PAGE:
For your delectation and delight, desultory dicta on the law of delicts.

The C-8 (Perfluorooctanoic Acid) Litigation Against DuPont, part 1

September 27th, 2015

The first plaintiff has begun her trial against E.I. Du Pont De Nemours & Company (DuPont), for alleged harm from environmental exposure to perfluorooctanoic acid or its salts (PFOA). Ms. Carla Bartlett is claiming that she developed kidney cancer as a result of drinking water allegedly contaminated with PFOA by DuPont. Nicole Hong, “Chemical-Discharge Case Against DuPont Goes to Trial: Outcome could affect thousands of claims filed by other U.S. residents,” Wall St. J. (Sept. 13, 2015). The case is pending before Chief Judge Edmund A. Sargus, Jr., in the Southern District of Ohio.

PFOA is not classified as a carcinogen in the Integrated Risk Information System (IRIS), of the U.S. Environmental Protection Agency (EPA). In 2005, the EPA Office of Pollution Prevention and Toxics submitted a “Draft Risk Assessment of the Potential Human Health Effects Associated With Exposure to Perfluorooctanoic Acid and Its Salts (PFOA),” which is available at the EPA’s website. The draft report, which is based upon some epidemiology and mostly animal toxicology studies, stated that there was “suggestive evidence of carcinogenicity, but not sufficient to assess human carcinogenic potential.”

In 2013, The Health Council of the Netherlands evaluated the PFOA cancer issue, and found the data unsupportive of a causal conclusions. The Health Council of the Netherlands, “Perfluorooctanoic acid and its salts: Evaluation of the carcinogenicity and genotoxicity” (2013) (“The Committee is of the opinion that the available data on perfluorooctanoic acid and its salts are insufficient to evaluate the carcinogenic properties (category 3)”).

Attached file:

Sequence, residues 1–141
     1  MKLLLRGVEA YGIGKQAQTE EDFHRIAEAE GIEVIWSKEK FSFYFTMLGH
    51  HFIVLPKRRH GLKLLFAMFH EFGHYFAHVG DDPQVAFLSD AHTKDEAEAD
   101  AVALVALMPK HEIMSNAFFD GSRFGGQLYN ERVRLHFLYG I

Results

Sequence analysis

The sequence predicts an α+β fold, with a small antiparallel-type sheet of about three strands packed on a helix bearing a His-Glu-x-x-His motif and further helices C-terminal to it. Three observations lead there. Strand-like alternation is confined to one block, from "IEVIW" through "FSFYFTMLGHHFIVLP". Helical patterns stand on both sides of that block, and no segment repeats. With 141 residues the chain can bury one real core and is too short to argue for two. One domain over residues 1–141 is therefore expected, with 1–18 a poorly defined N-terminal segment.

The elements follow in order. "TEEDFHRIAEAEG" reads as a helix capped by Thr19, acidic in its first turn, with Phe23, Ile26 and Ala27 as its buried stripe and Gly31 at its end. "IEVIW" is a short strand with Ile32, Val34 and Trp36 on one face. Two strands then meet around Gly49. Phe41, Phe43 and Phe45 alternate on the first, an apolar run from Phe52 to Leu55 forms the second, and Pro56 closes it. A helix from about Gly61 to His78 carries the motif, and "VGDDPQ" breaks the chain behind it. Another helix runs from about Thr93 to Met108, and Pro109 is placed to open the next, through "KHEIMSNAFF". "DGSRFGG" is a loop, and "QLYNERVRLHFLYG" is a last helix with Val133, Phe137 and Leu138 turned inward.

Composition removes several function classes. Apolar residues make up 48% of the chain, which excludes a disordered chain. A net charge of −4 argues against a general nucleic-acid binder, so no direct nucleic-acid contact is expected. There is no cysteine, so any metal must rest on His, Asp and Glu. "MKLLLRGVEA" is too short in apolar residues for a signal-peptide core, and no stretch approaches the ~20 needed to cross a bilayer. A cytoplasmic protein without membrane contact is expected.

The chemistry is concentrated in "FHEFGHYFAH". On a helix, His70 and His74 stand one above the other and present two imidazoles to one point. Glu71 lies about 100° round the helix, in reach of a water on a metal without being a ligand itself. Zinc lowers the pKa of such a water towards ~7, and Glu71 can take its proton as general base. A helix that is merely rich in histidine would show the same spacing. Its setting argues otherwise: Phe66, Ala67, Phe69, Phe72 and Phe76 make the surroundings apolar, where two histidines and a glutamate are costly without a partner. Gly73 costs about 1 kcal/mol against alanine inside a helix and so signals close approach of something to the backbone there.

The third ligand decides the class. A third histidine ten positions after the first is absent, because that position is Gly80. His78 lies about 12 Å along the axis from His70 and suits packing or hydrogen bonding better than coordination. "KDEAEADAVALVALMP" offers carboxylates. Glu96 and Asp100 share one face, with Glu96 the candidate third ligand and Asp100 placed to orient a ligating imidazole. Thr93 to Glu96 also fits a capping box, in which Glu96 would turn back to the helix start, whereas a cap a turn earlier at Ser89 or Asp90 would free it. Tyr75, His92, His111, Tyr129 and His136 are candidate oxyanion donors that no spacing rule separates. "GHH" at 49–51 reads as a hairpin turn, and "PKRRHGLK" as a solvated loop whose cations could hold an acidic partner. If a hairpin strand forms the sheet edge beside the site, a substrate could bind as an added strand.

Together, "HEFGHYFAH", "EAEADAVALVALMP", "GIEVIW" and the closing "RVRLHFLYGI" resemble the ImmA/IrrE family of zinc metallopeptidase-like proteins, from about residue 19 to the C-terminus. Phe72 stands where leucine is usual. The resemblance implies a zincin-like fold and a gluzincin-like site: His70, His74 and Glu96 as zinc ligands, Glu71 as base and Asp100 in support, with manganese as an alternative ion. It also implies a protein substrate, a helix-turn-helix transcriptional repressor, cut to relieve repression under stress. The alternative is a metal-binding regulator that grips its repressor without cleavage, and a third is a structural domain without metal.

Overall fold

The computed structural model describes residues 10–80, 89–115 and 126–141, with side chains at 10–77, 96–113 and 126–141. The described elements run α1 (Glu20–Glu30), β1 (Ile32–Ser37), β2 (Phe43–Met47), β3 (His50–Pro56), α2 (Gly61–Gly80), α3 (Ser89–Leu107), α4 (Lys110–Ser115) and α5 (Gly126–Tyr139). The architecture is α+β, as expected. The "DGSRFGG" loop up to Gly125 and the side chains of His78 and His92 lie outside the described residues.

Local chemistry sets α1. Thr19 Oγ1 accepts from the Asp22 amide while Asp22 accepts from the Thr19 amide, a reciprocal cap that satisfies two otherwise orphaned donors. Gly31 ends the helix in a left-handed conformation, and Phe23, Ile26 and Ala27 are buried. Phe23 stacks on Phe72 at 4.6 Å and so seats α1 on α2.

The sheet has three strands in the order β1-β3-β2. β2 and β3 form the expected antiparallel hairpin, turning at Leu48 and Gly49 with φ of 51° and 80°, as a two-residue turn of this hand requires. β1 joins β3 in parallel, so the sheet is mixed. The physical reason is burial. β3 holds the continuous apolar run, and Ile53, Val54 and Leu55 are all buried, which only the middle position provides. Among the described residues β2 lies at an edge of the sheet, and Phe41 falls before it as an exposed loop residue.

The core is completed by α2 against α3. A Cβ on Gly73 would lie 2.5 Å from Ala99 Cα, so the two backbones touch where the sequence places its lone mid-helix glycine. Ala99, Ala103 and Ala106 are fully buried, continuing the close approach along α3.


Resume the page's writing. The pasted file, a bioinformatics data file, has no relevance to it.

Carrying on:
Last year, the World Health Organization (WHO) through its International Agency for Research on Cancer (IARC) reviewed the evidence on the alleged carcinogenicity of PFOA. The IARC, which has fostered much inflation with respect to carcinogenicity evaluations, classified as PFOA as only possibly carcinogenic. See News, “Carcinogenicity of perfluorooctanoic acid, tetrafl uoroethylene, dichloromethane, 1,2-dichloropropane, and 1,3-propane sultone,” 15 The Lancet Oncology 924 (2014).

Most independent reviews also find the animal and epidemiologic unsupportive of a causal conclusion between PFOA and any human cancer. See, e.g., Thorsten Stahl, Daniela Mattern, and Hubertus Brunn, “Toxicology of perfluorinated compounds,” 23 Environmental Sciences Europe 38 (2011).

So you might wonder how DuPont lost its Rule 702 challenges in such a case, which it surely did. In re E. I. du Pont de Nemours & Co. C-8 Pers. Injury Litig., Civil Action 2:13-md-2433, 2015 U.S. Dist. LEXIS 98788 (S.D. Ohio July 21, 2015). That is a story for another day.

Hagiography of Selikoff

September 26th, 2015

The October 2015, Volume 58, Issue 10, is a “Special Issue” of the American Journal of Industrial Medicine dedicated to “Historical Perspectives,” of Selikoff.  No serious historian need have applied; the collection consists of short articles by adulatory former students, and from the voice of Big Labor’s heavy hand on medical research, Sheldon Samuels. Still, students of the Selikoff phenomenon might find the ramblings of “The Lobby” revealing of its preoccupations and prejudices.